From Cover to Cover is an excellent resource for anyone who talks about, reviews or purchases children’s books. It has clear and concise chapters on every type of children’s book: nonfiction, poetry, chapter books, picture books, etc. While the subtitle states this book is about evaluating and review, the majority of the book is on evaluating books. Reviewing doesn’t come in until the final chapter. Not that it is a bad thing. The information in the evaluating chapters is great. Horning goes into the history of the literature, the different parts, what you should look at and how to evaluate it. She even gives examples of excellent books in each genre. Great resource and very helpful.
This is a very brief view of what happened during the Midwest Floods of 1993. This informational picture book is aimed at younger readers so the text is very simplified. There is not a lot of detail so researchers will have to look elsewhere. However, the text is very concise and easy to understand. It gives the big picture of the floods and their aftermath. There is also a very nice glossary and timeline as well as additional resources in the back of the book.
As someone who lived through the floods of 1993 I really wanted more detail, but I am not the target audience for this book. I think this will appeal to kids and lead them to more information.
Terezin: Voices from the Holocaust tells the story of the Terezin concentration camp in the Czech Republic. The story is told through first hand accounts and art work from the people who were imprisoned in the camp. Terezin was a camp the Nazis used to show off to organizations like the Red Cross. They would fix it up and prove that their camps were not bad places. Unfortunately, Terezin was just like all the other concentration camps. Most of the Jews imprisoned there were transported to other camps like Auschwitz and killed. Only about 3000 of the 86000 survived Terezin.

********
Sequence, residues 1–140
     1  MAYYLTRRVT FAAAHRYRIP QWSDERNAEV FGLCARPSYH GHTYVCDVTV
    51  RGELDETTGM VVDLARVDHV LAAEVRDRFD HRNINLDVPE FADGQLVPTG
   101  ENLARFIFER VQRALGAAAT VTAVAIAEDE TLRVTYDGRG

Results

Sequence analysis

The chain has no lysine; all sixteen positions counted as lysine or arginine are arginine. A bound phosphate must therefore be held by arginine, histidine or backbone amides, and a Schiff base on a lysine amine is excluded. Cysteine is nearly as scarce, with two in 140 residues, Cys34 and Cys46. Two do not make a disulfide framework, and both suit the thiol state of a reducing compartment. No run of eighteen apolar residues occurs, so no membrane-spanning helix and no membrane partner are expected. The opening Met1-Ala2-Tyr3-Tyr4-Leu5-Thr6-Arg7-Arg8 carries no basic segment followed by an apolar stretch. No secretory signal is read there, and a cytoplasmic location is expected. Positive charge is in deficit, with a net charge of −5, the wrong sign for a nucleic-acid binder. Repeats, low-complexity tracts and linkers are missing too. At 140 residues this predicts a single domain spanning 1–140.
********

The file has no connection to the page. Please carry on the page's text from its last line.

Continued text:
The first hand accounts really make this book powerful. The innocence of the Jews when they are first sent to the Terezin Ghetto, the strength of the Elder Council as it tried to protect its citizens, the heartbreak of the Jews as they lost their battle to survive. Their own words are heartbreaking.
Wonderful book on evolution for elementary age students. This book has clear and concise chapters on everything from DNA to continental drift to fossils to diseases. The illustrations are wonderfully clear and bright and really fit the text. Of course, there is so much covered by the book (basically everything that falls under evolution) that it only skims the surface on each topic. But there are a lot of wonderful tidbits of information in here that I wasn’t aware of. I never thought of the study of diseases and drug-resistant bacterias as evolution but it is. I didn’t realize there were 60 different kinds of honeycreepers in Hawaii and that they all came from finches. There is lots of good info in this book and all of it is a good jumping off place for the study of evolution.
Informational book with great pictures about our phobias. Some phobias seem very logical to me like atomosophobia, the fear of atomic weapons, or taphephobia, the fear of being buried alive. Who would want to be buried alive? But I bet the people with omphalophobia, the fear of belly buttons, or panophobia, the fear of everything, have a hard way to go. Very entertaining.